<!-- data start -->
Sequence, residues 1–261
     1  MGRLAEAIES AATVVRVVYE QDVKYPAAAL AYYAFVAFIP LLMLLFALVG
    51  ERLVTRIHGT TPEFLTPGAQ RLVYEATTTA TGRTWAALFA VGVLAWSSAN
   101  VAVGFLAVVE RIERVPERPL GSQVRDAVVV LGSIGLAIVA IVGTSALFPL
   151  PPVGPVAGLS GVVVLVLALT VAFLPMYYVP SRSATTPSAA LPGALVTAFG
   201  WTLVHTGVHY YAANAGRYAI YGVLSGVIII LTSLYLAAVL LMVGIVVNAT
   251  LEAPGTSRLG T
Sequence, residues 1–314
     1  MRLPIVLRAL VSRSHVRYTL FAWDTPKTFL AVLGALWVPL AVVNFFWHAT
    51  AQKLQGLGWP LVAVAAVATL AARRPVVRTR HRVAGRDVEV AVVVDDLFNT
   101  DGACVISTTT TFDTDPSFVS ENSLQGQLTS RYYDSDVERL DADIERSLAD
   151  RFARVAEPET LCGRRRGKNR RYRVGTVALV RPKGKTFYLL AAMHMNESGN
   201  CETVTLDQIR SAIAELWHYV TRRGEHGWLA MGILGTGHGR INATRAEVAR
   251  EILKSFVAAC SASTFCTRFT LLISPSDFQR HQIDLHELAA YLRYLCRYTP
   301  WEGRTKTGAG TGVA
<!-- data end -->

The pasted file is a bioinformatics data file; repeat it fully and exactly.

Sequence, residues 1–261
     1  MGRLAEAIES AATVVRVVYE QDVKYPAAAL AYYAFVAFIP LLMLLFALVG
    51  ERLVTRIHGT TPEFLTPGAQ RLVYEATTTA TGRTWAALFA VGVLAWSSAN
   101  VAVGFLAVVE RIERVPERPL GSQVRDAVVV LGSIGLAIVA IVGTSALFPL
   151  PPVGPVAGLS GVVVLVLALT VAFLPMYYVP SRSATTPSAA LPGALVTAFG
   201  WTLVHTGVHY YAANAGRYAI YGVLSGVIII LTSLYLAAVL LMVGIVVNAT
   251  LEAPGTSRLG T
Sequence, residues 1–314
     1  MRLPIVLRAL VSRSHVRYTL FAWDTPKTFL AVLGALWVPL AVVNFFWHAT
    51  AQKLQGLGWP LVAVAAVATL AARRPVVRTR HRVAGRDVEV AVVVDDLFNT
   101  DGACVISTTT TFDTDPSFVS ENSLQGQLTS RYYDSDVERL DADIERSLAD
   151  RFARVAEPET LCGRRRGKNR RYRVGTVALV RPKGKTFYLL AAMHMNESGN
   201  CETVTLDQIR SAIAELWHYV TRRGEHGWLA MGILGTGHGR INATRAEVAR
   251  EILKSFVAAC SASTFCTRFT LLISPSDFQR HQIDLHELAA YLRYLCRYTP
   301  WEGRTKTGAG TGVA